"Even the best conceivable outcome in the Chapter 11 proceeding will not yield a true, full economic recovery by all creditors and non-insider equity investors as if the fraud never happened," Ray added. He noted that, when taking over leadership of FTX, the company only had 105 BTC left on the exchange against customer entitlements of nearly 100,000 BTC. 

"Why were the Bitcoins missing?  A jury has concluded beyond a reasonable doubt that Mr Bankman-Fried stole them and converted them into other things," Ray said. "For that reason, they are not available to be returned in-kind to his victims."

There's no shortage of victim impact statements filed after SBF's conviction that paint pictures of financial ruin for FTX customers, many of whom believe they'll never see full compensation for their losses. They describe the emotional toll the collapse took on them, with hundreds of thousands of lost investments. Others support Ray's claims that SBF is lying about not having caused harm, urging the judge to reject the defense's argument for a pittance of a sentence. 

Live-tweeting of the proceedings by Inner City Press's Matthew Russell Lee, who has documented the case extensively, show that Judge Kaplan was unimpressed with the defense's arguments. 

"I reject the defense's argument about loss, both on the law and on the facts. The assertion that customers and creditors will be paid in full is misleading," Kaplan said, per the ICP feed from New York City. "For the reasons well articulated by Mr Ray, that people will be paid back is speculative."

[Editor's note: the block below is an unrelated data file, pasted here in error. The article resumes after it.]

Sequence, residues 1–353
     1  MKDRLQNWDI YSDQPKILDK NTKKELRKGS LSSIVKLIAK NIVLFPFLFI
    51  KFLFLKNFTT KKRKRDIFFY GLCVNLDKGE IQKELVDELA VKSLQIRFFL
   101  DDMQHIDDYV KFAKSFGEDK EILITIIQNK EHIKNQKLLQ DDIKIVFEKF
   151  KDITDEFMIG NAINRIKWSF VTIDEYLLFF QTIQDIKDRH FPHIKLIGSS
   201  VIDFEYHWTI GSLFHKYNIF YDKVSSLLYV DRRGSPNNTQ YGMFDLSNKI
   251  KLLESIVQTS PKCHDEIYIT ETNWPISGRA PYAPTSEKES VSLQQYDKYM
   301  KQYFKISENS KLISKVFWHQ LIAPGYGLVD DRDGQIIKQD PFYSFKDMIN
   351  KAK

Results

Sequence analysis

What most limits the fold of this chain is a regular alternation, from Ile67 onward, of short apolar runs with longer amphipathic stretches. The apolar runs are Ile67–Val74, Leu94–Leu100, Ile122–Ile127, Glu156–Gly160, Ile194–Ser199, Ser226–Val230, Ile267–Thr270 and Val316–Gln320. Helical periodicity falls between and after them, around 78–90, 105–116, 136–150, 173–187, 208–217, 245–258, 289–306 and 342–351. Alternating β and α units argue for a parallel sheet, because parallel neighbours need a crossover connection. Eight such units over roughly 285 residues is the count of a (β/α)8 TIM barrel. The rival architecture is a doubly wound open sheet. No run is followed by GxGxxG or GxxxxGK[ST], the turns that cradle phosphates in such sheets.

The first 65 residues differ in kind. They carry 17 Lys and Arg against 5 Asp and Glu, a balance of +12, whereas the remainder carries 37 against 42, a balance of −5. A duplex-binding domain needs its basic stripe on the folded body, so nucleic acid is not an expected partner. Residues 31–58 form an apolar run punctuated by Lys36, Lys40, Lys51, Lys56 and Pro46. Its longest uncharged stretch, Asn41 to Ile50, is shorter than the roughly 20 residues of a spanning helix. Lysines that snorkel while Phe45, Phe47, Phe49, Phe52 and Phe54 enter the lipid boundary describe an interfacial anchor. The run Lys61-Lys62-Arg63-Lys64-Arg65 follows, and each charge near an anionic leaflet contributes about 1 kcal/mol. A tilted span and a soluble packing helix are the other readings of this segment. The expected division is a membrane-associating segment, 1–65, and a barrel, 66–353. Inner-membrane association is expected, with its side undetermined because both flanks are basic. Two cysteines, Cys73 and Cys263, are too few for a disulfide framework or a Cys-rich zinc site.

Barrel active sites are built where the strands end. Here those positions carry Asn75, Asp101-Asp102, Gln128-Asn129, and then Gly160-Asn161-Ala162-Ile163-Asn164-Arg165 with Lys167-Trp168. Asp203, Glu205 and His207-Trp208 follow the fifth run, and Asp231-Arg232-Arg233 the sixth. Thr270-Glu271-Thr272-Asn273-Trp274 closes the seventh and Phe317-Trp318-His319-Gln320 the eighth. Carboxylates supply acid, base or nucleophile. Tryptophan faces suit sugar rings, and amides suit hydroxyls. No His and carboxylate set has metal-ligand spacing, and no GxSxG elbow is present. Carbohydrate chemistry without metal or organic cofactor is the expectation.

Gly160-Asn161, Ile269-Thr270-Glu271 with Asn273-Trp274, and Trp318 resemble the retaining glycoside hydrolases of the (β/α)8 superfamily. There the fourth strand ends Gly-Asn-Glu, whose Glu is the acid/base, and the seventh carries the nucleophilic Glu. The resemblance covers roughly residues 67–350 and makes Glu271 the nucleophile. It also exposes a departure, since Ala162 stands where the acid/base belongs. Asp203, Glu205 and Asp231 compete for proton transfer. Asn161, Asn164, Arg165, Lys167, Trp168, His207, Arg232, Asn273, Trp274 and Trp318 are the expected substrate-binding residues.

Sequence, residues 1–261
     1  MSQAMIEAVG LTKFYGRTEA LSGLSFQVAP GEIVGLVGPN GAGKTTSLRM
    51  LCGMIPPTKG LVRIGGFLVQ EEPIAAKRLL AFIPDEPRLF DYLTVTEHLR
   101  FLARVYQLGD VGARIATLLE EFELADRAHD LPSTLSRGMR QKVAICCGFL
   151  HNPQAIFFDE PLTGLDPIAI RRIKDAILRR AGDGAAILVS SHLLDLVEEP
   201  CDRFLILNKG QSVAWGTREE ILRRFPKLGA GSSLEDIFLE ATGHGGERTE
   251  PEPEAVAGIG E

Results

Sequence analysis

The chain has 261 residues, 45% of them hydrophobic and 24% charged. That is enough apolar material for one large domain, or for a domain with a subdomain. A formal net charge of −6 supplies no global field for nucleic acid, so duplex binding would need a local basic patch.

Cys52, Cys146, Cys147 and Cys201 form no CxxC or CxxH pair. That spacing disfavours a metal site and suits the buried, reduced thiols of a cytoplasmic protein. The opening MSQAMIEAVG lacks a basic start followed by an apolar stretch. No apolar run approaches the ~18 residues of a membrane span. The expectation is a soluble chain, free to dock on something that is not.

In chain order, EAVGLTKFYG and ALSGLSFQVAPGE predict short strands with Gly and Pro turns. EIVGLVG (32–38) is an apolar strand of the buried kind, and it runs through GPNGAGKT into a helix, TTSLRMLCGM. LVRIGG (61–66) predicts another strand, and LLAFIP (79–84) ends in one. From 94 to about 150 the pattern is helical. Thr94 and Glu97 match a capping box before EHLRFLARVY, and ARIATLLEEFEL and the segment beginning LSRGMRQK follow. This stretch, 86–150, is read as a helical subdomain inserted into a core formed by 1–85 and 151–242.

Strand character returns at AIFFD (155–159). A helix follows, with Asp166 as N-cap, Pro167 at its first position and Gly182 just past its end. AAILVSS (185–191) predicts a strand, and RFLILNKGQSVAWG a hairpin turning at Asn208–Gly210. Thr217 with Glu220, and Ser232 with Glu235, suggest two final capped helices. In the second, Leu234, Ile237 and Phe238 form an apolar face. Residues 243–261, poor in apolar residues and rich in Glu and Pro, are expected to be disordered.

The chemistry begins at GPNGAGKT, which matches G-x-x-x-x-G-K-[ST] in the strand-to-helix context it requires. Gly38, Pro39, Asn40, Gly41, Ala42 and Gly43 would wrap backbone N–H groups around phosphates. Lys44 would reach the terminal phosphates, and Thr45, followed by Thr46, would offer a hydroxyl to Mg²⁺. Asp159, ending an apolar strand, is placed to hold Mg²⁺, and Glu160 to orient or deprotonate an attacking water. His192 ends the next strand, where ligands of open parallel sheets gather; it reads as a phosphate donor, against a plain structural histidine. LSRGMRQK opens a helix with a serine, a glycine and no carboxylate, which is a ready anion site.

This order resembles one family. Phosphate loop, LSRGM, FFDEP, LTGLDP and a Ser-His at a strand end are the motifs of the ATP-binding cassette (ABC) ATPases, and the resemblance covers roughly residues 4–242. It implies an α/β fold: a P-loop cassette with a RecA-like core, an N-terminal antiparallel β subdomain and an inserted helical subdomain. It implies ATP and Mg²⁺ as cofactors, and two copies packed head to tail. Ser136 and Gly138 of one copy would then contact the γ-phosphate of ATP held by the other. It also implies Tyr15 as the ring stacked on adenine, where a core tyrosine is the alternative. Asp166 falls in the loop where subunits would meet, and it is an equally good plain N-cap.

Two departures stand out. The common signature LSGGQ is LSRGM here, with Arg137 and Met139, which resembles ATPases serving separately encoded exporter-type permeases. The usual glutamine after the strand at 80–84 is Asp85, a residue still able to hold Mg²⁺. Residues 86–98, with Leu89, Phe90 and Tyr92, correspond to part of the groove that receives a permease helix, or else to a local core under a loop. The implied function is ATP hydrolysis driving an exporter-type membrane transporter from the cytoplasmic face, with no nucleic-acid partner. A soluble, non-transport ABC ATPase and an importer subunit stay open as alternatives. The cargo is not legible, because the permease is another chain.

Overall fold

Judge Kaplan also said SBF committed perjury while on the stand on multiple occasions, including lying about knowledge of the missing $8 billion in crypto and saying he didn't know that Alameda had to borrow customer money from FTX to repay third-party loans. Kaplan also concluded that SBF committed witness tampering prior to being sent to jail over accusations of such. 

We asked SBF's lawyers for comment on his sentence and appeal plans mentioned in court, and haven't yet heard back. ®


In the court minutes it was revealed SBF may be too awkward for real prison. As the judge noted:

The court declines to order restitution due to the complexity of the case and the number of victims. It instead grants the government's motion to authorize the United States to compensate victims with finally forfeited assets through a remission process, as restitution would be impractical in this case.

The court recommends to the Bureau of Prisons that defendant be designated initially to a medium security facility in view of the court's perception that defendant's notoriety, his association with vast wealth, his autism and social awkwardness are likely to make him more than usually vulnerable in the environment of a high security facility. It further recommends that the designated facility be as close to the San Francisco - Bay Area as possible.

Social awkwardness for the win. For once.